Red Bull set to race much lighter car

APRIL 7, 2022

Red Bull set to race much lighter car

Max Verstappen, Saudi Arabian GP 2022
© Red Bull

Red Bull's already-competitive 2022 car has been on a serious weight-loss diet, according to Dutch insider and racing driver Tom Coronel.

Coronel, who is close to the Verstappen family, says he has heard from "a very reliable source" that Red Bull has been working hard to slim the car down and get it close to the mandatory minimum weight.

"Weight is everything," the 50-year-old told Algemeen Dagblad.

"I have heard from a very reliable source that Red Bull has solved the problem by a good 75 percent in recent weeks," Coronel added.

"About 7 kilograms have been removed from the car. I understand they've made the floor and a lot of other parts quite a bit lighter."

He estimates that about 10 fewer kilograms in the car would have made world champion Max Verstappen about two tenths per lap faster in Saudi Arabia.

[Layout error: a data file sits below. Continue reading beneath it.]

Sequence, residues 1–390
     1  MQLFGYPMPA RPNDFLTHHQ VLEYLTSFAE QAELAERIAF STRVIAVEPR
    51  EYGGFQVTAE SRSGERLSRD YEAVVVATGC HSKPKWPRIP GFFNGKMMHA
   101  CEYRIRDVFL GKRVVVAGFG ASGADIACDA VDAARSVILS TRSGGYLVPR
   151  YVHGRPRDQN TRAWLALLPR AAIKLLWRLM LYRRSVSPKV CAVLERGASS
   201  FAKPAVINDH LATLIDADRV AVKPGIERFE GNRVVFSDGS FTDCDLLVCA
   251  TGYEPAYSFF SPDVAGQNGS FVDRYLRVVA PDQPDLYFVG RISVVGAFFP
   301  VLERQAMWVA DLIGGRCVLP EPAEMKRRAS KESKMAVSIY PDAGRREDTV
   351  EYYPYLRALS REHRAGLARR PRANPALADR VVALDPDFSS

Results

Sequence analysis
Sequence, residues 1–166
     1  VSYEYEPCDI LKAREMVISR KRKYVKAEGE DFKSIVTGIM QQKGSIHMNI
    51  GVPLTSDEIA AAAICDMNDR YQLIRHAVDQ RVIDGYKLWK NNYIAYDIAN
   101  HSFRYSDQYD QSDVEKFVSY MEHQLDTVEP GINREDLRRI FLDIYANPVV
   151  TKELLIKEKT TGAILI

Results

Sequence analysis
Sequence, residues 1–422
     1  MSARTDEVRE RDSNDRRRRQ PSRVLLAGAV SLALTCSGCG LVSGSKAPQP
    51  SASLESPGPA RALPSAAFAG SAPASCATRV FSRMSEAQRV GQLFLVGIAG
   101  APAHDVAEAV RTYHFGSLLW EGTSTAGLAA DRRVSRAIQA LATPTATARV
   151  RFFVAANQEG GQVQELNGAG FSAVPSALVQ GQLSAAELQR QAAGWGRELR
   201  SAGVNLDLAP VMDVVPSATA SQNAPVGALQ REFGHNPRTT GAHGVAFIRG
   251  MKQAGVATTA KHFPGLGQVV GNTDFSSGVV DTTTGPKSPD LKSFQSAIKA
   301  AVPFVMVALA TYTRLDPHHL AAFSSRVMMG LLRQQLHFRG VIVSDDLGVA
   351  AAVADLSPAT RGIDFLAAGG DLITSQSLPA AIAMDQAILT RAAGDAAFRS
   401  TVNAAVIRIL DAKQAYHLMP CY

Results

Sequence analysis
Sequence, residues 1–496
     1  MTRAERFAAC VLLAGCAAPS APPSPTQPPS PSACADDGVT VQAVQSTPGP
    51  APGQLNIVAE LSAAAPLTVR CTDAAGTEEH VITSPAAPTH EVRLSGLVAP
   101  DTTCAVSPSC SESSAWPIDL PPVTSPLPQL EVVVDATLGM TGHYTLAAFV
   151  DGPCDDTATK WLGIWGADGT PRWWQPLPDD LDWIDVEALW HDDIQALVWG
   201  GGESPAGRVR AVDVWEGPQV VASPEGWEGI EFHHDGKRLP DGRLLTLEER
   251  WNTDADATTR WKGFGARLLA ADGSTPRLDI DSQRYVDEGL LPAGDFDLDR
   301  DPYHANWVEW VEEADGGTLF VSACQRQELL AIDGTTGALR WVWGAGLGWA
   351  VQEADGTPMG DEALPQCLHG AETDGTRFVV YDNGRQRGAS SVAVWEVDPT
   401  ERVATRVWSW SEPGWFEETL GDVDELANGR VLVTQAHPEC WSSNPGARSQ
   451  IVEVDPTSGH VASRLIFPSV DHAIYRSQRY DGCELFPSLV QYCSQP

"Over 50 laps that's ten seconds. If that's how you calculate it then the difference is very large," said Coronel.

In even more need for improvement, meanwhile, is Mercedes - despite rumours that Lewis Hamilton's struggling team ultimately did not bring a new rear wing to Australia.

"It is particularly difficult now to improve the car with these regulations and to make modifications within the season," former Mercedes boss Norbert Haug told Sky Deutschland.

"If something fundamentally doesn't work on the car, then it will take time."

Haug thinks Mercedes' biggest problem in 2022 could be the transition to new 10 percent ethanol E10 fuel.

"I don't believe they are as far along with E10 development as the competition," said the German.

"I know the people at Mercedes too well for that - it's a task that still needs to be solved."

Dr Helmut Marko, however, thinks the issue could be Mercedes' loss of 50 engine staff to Red Bull's new Honda-supported Red Bull Powertrains operation.

"Our advantage is that we have a very versatile team," he told formel1.de.

"People from Honda have been hired to work on our project and some of the Mercedes experts have moved there too," Marko revealed.

"I don't have detailed knowledge of the situation at Mercedes, but it must have something to do with the new fuel. It would also be normal that it is due to all of the people who have left there."

(GMM)

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